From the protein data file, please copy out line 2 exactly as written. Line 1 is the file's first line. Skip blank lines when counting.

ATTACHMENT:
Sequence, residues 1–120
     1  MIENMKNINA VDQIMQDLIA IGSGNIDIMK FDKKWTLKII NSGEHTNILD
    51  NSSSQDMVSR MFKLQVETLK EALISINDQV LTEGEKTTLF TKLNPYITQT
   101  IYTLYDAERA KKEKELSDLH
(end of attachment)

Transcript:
     1  MIENMKNINA VDQIMQDLIA IGSGNIDIMK FDKKWTLKII NSGEHTNILD